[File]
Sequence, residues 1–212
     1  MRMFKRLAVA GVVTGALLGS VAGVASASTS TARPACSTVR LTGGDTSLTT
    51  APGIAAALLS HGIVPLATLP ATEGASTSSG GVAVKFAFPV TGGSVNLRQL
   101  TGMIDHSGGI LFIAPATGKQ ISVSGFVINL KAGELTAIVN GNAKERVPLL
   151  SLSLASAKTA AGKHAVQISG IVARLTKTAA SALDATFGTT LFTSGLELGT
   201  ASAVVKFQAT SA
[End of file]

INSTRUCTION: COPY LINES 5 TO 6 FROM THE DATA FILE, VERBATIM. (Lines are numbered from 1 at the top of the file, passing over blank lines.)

   151  SLSLASAKTA AGKHAVQISG IVARLTKTAA SALDATFGTT LFTSGLELGT
   201  ASAVVKFQAT SA